If you should ask me – What do you remember about your childhood? – I would answer: playing outdoors. I remember, like yesterday, creating a little hide-out under a group of tall bushes. I would spend hours with my friends gathering twigs and rocks to make those bushes into a secret hide-out.
Children have a natural desire to play outside.
Think about it. The young child is a sensory being processing life through the senses. Playing outside nourishes the senses naturally.
I have the joy of volunteering at a Waldorf-inspired “forest” Kindergarten. We spend 90% of the day outside. Rain or shine. In the short time I have been here – I am convinced. This is what children need. I have watched and I see the benefits. Here are a few. . .
It improves academic achievement. The nurturing of the senses is the foundation of cognitive development. The outdoors provides a direct experience with ideas such lifecycle, weather, weight and more. Research has shown children who are given plenty of time outdoors score higher on standardized testing in math, reading and writing. It takes learning to a multi-sensory level – touch, smell, hearing, taste and sight. It is the ultimate laboratory for testing theories and ideas. At the “forest” kindergarten the sand pit becomes an experiment of heavy and light, wet and dry, in and out. Water is added to a bucket of sand. Immediately the chirping of sensory based observation arises. “Water makes the sand heavier.” “Dry sand will not clump!”
It improves creativity. The raw materials of nature ignite the creativity of children. Loose parts in the outdoor space provide endless opportunities for creativity, inventions, experiments, and resourcefulness. Studies have shown that children engage in more creative forms of play when outside. It is inquiry-based learning in a natural setting. But more than that – it offers up a blank canvas of natural materials – willing to become anything. This is the work of the frontal lobes. This is the future of higher order thinking. Creativity is the ticket. Nature is the doorway.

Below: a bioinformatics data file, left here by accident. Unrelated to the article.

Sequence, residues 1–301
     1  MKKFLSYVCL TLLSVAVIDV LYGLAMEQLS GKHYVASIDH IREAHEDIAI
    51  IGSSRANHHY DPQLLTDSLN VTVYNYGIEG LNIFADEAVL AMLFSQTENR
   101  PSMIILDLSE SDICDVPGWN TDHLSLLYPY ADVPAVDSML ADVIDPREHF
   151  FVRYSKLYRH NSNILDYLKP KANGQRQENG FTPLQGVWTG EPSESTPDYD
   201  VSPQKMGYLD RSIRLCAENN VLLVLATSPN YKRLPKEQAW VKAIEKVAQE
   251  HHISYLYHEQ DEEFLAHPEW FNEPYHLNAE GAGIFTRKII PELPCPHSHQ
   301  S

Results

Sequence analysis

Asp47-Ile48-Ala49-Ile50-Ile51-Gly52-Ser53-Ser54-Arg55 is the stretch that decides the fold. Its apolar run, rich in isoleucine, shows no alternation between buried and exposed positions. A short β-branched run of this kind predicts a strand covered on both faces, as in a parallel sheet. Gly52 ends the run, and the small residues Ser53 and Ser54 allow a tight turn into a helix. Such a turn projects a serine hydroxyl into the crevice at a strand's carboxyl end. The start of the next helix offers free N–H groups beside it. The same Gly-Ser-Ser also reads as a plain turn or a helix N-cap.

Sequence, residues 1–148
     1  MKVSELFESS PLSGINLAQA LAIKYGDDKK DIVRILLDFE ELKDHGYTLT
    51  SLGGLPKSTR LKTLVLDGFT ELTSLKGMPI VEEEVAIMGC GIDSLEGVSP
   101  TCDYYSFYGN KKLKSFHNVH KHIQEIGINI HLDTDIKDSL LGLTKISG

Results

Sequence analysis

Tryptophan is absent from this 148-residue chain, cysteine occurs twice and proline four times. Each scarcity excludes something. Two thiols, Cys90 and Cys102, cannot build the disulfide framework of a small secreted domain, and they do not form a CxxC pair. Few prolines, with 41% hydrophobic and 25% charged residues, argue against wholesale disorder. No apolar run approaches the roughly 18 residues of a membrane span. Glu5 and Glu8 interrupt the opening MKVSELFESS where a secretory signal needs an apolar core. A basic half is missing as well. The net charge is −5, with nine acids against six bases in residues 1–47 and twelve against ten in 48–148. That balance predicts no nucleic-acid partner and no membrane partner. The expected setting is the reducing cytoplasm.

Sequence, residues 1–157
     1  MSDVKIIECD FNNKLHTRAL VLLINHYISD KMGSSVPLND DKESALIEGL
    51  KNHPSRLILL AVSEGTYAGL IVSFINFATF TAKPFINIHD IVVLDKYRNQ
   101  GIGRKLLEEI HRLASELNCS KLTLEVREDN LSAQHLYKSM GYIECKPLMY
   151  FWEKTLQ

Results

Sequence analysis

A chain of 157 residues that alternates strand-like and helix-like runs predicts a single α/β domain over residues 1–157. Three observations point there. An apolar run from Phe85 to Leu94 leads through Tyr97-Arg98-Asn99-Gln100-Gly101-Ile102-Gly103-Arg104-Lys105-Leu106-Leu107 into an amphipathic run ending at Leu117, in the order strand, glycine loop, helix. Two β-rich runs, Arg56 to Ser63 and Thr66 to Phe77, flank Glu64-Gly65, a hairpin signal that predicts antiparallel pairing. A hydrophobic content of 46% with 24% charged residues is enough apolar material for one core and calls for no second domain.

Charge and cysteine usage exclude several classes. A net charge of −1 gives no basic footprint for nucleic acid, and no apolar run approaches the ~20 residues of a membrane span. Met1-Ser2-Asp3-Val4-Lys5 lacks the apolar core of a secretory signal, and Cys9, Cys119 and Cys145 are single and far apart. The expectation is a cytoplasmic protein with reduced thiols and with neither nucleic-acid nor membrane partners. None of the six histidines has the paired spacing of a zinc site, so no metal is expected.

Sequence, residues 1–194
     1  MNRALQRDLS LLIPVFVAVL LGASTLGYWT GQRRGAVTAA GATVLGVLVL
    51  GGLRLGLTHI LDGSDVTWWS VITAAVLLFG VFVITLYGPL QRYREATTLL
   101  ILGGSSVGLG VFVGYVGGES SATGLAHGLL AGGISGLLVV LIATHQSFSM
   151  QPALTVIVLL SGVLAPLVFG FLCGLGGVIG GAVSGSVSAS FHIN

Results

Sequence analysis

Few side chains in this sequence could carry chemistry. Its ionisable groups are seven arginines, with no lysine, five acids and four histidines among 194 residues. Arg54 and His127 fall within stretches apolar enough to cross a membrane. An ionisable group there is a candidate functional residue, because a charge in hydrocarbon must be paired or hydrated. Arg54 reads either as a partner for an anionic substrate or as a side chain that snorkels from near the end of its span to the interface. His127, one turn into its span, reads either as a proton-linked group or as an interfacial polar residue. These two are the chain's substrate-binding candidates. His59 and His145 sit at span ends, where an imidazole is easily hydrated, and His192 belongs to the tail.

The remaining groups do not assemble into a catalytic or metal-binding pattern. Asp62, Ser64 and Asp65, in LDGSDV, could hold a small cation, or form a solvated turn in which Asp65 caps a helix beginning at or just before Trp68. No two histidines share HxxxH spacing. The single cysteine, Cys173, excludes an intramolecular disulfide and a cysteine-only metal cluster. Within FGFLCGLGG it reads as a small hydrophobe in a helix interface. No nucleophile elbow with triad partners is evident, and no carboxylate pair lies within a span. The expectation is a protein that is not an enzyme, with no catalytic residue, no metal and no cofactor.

It increases Appreciation & Respect for Nature. Exposure to the natural world builds a sense of wonder for the beauty of life. Learning outside gives children the opportunity to witness the interdependence of animals, plants and humans. Studies have shown a 27% increase in science testing scores with plenty of time outside. Today a little girl at this forest school picked up a piece of bark for the making of a “fairy house.” Underneath were snails and spiders. Lots of them. She gingerly held the piece of bark and told me, “The fairies love snails and spiders.” These creatures were welcomed.
It improves health and Well-Being. Outdoor play helps to form a life long health disposition. Outdoor play encourages the development of active movement. For healthy reflex development children need spaces to move both up and down and to explore their own capacities to move. I am amazed at how much the children run and jump and play. A rich outdoor space provides endless potential for developing the complex neutral pathways built only in the rigor of healthy play.
It improves Behavior and Social Interactions. Ample time outside has proven to reduce challenging behaviors. Interestingly, the more children are given time outside the less challenging behaviors occur. Children are better able to cooperate and problem solve social conflicts. Additionally, time outside simply helps to reduce stress. It is no mistake the majority of “relaxing” videos on Youtube have included nature sounds. It is stunning to watch children negotiate and problem solve as the play unfold. Honestly, I have never seen such healthy social/emotional support as nature supplies. Just the other day – I watched as the children gathered around a little pond of fishes. The delight and wonder of life itself captivated the children.
It seems to be how it goes in the outdoors.
One of the things I am committed to doing as a business owner is contribute money towards innovative and progressive practices in early childhood education.
Recently, Fairy Dust Teaching funded a rock maze.